For starters, the Astros (33-46) currently hold bottom-five rankings with cumulative runs, hits, doubles and batting average.
Secondly, in two seasons with Atlanta, Wood has starter-only tallies of a 3.08 ERA (through Wednesday), 1.28 WHIP and sparkling K-BB rate of 102/32.
And third, the pitching-rich Braves didn’t have to re-convert Wood back into a starter before the All-Star break. The club could have easily kept Wood (6-6) in a valuable relief role through mid-July, knowing he would easily stay under the prescribed threshold of 160 innings for the season.
But sometimes you’ve got to roll the dice on a long-term standout who’s ready for short-term glory; and Wood (three hits, zero runs allowed, four strikeouts vs. Houston) should be a healthy lock to stay in Atlanta’s five-man set of Julio Teheran, Mike Minor, Wood, Aaron Harang and Ervin Santana through September.
And let’s remember: This grand plan of stretching out Wood’s innings in the minors (early June) was in place long before Gavin Floyd incurred an elbow fracture against the Nationals last week.
OK, so Tommy La Stella gets the credit for Atlanta’s fourth (and final) run, getting B.J. Upton home on a simple groundout (eighth inning).
But if Justin Upton doesn’t register a sacrifice-fly RBI in the second inning (scoring Evan Gattis) and launch a prodigous homer to right-center in the 7th (scoring Jason Heyward) … maybe Astros starter Collin McHugh (nine strikeouts) goes the distance against the Braves.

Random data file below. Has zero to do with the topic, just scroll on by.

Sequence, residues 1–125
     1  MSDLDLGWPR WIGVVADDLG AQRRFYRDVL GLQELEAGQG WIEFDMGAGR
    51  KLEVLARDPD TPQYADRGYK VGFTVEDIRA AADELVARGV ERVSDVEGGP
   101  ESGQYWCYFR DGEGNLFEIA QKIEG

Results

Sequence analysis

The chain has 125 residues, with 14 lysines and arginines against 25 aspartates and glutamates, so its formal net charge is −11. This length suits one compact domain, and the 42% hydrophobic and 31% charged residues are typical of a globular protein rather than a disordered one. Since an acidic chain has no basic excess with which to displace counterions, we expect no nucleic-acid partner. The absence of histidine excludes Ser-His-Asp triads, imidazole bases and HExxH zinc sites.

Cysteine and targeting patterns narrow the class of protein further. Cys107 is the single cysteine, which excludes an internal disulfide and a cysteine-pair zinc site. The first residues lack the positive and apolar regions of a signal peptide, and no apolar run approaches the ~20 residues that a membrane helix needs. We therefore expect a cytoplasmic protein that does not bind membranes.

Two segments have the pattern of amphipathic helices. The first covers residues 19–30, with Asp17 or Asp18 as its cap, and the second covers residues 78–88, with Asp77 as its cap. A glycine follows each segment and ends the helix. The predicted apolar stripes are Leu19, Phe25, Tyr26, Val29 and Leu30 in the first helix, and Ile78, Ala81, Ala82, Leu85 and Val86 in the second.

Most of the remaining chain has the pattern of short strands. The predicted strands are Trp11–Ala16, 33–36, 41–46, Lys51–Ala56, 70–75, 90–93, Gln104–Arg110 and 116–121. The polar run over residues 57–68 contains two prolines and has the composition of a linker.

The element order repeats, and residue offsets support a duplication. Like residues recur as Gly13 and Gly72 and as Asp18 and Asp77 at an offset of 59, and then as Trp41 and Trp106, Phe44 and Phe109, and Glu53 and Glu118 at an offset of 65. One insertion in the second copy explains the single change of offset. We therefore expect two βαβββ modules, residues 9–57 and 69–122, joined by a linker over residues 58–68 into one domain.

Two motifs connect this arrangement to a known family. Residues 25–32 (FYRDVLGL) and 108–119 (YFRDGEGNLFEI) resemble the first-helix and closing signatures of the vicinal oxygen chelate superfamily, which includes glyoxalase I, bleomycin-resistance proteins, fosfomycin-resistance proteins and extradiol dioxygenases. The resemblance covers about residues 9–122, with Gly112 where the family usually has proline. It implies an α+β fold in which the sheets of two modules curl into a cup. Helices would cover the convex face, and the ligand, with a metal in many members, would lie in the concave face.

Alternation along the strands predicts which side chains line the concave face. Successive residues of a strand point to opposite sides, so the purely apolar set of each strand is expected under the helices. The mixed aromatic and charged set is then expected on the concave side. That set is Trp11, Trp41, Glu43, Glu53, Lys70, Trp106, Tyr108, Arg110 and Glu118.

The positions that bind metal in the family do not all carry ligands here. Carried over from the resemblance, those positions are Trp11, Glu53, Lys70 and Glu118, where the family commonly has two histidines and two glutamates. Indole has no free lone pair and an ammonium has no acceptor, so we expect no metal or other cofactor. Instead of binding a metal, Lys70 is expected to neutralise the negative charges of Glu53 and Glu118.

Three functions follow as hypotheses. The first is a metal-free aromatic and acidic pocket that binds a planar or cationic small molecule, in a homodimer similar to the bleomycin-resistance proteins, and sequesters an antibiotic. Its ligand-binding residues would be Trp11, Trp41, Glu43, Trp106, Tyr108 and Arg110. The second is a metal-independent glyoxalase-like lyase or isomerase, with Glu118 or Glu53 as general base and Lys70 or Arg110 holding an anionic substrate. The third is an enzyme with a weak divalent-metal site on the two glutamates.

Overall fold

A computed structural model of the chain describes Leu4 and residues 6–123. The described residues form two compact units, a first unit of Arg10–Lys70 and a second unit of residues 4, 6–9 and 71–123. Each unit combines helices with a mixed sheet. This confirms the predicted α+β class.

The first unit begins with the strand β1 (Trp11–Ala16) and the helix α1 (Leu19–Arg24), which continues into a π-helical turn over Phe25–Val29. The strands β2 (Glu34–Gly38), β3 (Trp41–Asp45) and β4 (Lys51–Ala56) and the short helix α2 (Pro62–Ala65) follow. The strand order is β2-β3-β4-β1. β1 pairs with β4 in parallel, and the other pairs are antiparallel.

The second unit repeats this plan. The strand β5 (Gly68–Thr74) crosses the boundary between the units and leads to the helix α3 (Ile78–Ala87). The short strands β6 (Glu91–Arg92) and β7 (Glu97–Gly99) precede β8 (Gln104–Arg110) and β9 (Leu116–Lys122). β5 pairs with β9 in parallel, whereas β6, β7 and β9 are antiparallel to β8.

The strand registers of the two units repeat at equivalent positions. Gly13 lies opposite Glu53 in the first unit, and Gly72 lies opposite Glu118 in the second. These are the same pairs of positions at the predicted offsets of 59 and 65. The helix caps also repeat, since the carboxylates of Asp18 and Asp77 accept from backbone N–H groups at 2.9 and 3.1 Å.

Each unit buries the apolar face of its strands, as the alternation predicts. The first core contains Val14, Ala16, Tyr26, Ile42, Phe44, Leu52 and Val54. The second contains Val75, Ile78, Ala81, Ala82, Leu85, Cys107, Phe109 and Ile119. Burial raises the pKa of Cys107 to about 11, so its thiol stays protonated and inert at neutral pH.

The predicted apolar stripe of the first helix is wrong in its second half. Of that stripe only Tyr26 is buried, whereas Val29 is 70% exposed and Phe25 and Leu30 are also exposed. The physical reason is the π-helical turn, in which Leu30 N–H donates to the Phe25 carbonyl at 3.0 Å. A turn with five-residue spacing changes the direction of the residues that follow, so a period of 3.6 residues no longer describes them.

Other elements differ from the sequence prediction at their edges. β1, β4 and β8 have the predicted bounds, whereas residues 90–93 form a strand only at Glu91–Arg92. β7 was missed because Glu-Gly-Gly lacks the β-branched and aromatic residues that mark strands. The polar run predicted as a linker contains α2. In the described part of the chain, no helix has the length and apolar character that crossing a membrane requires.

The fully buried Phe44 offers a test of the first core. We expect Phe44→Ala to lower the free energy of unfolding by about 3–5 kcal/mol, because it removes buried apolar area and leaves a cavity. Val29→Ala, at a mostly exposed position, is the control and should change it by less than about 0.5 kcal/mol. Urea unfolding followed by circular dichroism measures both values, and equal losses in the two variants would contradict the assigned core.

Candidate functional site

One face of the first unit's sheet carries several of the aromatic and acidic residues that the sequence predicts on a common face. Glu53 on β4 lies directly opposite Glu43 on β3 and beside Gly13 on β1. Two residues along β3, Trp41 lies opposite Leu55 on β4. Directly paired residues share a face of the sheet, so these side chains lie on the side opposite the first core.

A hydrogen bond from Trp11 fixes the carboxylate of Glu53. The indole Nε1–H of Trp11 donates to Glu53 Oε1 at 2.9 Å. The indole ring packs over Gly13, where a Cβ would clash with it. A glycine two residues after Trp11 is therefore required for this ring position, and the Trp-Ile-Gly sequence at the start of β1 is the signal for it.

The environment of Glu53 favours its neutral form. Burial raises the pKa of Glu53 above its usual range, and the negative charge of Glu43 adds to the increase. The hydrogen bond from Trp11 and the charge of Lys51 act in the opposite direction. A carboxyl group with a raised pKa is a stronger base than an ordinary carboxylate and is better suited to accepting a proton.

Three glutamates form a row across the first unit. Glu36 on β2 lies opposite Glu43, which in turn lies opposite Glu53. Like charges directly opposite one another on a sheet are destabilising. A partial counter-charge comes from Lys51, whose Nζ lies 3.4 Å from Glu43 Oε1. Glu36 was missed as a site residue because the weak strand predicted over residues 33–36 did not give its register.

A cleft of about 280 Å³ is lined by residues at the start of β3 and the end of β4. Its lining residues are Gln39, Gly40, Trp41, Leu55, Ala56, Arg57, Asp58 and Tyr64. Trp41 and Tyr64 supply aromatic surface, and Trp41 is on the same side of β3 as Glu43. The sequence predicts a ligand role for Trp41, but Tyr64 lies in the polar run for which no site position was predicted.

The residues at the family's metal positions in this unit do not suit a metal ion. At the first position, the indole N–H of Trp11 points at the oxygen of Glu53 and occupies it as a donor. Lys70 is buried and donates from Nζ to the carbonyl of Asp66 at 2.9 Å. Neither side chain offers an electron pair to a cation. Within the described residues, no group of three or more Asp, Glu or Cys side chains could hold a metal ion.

Preliminary reports indicate Freeman (1 for 3 on Wednesday) didn’t require X-rays after leaving the game to injury.
Even so, according to MLB.com’s Mark Bowman, it marked the first time all year Freeman hadn’t occupied first base for a full inning … which seems rather absurd (in a good way).
Hope Freeman enjoyed that "rest," since the Braves only have one off day (July 3) until the All-Star break.
In most divisions, a 10-12 record would put contending teams in a substantial hole in the standings.
But with Wednesday’s victory, the Braves (40-37) now trail the first-place Nationals (41-36) by one game, an enviable spot for a club that has the Astros, Phillies, Mets (twice), Diamondbacks and Cubs — all losing teams — on the docket leading into the All-Star break.
The OBP ranking is particuarly galling, since Atlanta nets a paltry .296 for the month. In fantasy baseball, you wouldn’t even consider drafting or acquiring a player with an OBP under .300 … and the Braves have an entire cluster of sub-.300 guys in the lineup.
There is a notable upside here: For June, the Braves and Nationals — both World Series contenders — possessed an identical OBP heading into Wednesday; and the Marlins and Phillies ranked below both clubs in that crucial category.